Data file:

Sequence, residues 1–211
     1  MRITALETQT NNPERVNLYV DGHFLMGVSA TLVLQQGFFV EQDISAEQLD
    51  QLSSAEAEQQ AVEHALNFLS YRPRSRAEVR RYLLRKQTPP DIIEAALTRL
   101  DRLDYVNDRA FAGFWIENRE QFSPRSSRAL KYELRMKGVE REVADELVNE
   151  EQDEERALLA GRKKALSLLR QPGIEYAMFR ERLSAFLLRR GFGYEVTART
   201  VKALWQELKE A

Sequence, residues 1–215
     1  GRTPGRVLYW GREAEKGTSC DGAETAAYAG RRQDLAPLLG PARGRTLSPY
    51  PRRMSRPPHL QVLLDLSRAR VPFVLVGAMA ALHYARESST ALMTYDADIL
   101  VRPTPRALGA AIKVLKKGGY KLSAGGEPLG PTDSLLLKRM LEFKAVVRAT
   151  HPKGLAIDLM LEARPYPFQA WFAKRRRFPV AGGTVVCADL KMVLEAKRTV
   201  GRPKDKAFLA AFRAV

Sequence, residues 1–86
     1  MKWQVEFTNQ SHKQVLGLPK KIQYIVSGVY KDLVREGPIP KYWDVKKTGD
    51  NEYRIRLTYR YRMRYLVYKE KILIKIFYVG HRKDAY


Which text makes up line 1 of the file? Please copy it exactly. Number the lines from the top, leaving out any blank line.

Sequence, residues 1–211